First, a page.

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Abstract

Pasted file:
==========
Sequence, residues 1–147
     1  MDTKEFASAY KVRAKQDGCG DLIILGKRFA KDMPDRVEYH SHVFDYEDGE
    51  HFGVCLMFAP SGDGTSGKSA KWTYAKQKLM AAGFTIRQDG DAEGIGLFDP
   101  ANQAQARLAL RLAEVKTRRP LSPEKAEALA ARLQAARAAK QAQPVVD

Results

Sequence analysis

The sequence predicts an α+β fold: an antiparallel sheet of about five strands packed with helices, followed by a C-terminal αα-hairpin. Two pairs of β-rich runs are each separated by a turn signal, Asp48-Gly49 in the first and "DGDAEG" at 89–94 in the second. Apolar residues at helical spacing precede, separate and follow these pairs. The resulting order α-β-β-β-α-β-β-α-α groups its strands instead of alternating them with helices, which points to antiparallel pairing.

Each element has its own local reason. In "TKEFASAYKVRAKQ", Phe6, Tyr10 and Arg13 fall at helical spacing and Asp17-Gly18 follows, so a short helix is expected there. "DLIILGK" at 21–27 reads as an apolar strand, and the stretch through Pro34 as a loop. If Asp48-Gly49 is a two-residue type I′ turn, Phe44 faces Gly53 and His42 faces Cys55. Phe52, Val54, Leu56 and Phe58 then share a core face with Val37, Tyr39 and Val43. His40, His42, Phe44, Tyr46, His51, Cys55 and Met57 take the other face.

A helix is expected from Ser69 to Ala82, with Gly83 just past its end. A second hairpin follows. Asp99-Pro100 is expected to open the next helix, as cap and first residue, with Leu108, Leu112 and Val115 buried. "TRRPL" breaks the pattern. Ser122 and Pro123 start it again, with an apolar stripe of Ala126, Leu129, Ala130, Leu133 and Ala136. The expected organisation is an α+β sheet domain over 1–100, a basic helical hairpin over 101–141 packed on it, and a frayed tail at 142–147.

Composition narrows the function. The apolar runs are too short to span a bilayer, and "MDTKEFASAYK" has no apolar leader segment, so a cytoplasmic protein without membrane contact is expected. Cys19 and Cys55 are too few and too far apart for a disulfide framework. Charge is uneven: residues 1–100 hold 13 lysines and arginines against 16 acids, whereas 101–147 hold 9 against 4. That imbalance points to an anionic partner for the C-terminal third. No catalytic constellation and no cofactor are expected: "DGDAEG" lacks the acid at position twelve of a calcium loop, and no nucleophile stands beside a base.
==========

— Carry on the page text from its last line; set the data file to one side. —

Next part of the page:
Repetitive transcranial magnetic stimulation (rTMS) as a new non-invasive painless procedure has been tested for augmentation of motor performance and reduction of spasticity in post-stroke patients. Stroke patients (N = 34) were recruited for rTMS treatment and brain activity analysis (EEG) was performed before and after rTMS. The effect of rTMS was evaluated using National Institute of Health Stroke Scale (NIHSS), Barthel – Index and Ashworth Scale. The content of L-tryptophan (L-TRP), L-kynurenine (L-KYN), kynurenic acid (KYNA) and anthranilic acid (ANA) was determined in the serum of stroke patients before the 1st, after the 5th and after 10th rTMS application using high performance liquid chromatography. In a separate experiment, L-TRP metabolites were determined in the serum of an independent group of stroke patients (N=47) and control subjects (N=6). The content of L-TRP and L-TRP metabolites in the serum of stroke patients was significantly increased, L-TRY was 121% of CO; L-KYN 161% of CO, p<0.015; ANA 280 % of CO, p<0.001; KYNA 243% of CO, p<0.001, compared to control subjects. Similar changes were found in stroke patients recruited for rTMS. After the 10th rTMS treatment L-KYN and ANA levels increased moderately but significantly in the serum and it was L-KYN 107%, p<0.01; ANA 110%, p=0.055, versus the value before 1st rTMS, respectively. The ratios L-KYN/TRP and ANA/KYNA increased moderately but significantly after the 10th rTMS. Creatin kinase and prolactin levels were in normal range during rTMS. Stroke patients treated with rTMS have shown a significant enhancement of motor performance and moderate reduction of spasticity. The alteration of ANA/KYNA ratio after rTMS might be of significance with respect to the clinical improvement of patients. The present study gives favour for rTMS as a means for neurorehabilitation of patients after stroke. Notable, the management of therapies following rTMS are of importance for an improvement of hand and fingers activities, as observed within this study.